Many of Israel’s kibbutzim are well known and during your gap year you are likely to visit at least one. The vast majority of kibbutzim have something worth visiting for, whether it is a historical site, a particularly pretty walk or garden, an interesting museum or something else. However, a major aspect of kibbutz life is agriculture and this means that at many kibbutzim you can make your visit even better by tasting their products.
For instance if you visit Tzuba, which is located just outside Jerusalem, you can not only enjoy some interesting walks, including a visit to John the Baptist’s cave complete with some of the earliest known Christian drawings, but you can combine the day with a trip to the kibbutz’ winery and chocolate workshop. At the winery you can taste a range of excellent wines and of course pick up a bottle or two at a discount. On Friday mornings the tastings are free and there is plenty of time to get the bus from Jerusalem and back before Shabbat. At the chocolate workshop you will be given a short lesson on how to make various different types of chocolate and then left to your own devices to create some tasty treats to take home with you.
In the south of Israel is Kibbutz Samar. It is located in the Arava valley and was founded in 1976 with the aim of being a different kind of kibbutz. They wanted to offer members more independence and responsibility and to this day the kibbutz remains true to its original vision which in itself makes it a fascinating place to visit. While you are there you can visit the organic date groves and taste some of the delicious fruits. If you arrange your visit properly you will also be able to see how the dates are harvested and sorted which is far more interesting that it sounds.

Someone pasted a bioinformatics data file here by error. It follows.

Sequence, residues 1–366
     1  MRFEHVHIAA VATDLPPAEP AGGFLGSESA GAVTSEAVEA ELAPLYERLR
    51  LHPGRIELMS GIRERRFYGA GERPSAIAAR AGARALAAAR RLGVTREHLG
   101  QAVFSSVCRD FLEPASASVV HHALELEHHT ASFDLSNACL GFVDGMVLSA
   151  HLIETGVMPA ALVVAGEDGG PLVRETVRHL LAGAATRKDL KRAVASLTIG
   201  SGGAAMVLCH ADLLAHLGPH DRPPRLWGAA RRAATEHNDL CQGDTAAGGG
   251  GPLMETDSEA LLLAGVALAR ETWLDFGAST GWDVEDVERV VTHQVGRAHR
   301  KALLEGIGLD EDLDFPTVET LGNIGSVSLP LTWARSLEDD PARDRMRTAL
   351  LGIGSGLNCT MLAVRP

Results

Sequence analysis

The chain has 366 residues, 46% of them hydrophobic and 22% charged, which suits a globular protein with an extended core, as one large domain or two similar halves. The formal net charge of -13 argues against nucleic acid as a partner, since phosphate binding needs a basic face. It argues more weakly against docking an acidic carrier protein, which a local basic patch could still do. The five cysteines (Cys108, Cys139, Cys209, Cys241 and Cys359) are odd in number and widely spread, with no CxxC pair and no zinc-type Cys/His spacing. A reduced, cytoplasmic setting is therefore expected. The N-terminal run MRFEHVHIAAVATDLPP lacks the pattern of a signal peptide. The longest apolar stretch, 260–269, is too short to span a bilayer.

If you are interested in organic food then you should probably pay a visit to Kibbutz Sde Eliyahu. Located in the Jordan valley, Sde Eliyahu is a religious kibbutz that still conducts its life according to a collectivist kibbutz model. The kibbutz is considered a pioneer in organic agriculture and offers fascinating bio-tours. On the tour you will learn about the latest technics in organic farming and of course taste the resulting products. It is possible to arrange private tours or join a larger group and for a small additional fee you can also enjoy a variety of hands-on activities.
These are just three of the many kibbutzim that offer you the chance to have an interesting and tasty visit at the same time. Almost every kibbutz in Israel offers something unique, although not always food related, and they are often worth visiting. While on your gap year you can use some of your free time to visit these places and not only learn about the kibbutz system and how it has evolved, but also enjoy the fantastic kibbutz products and return home thoroughly satisfied.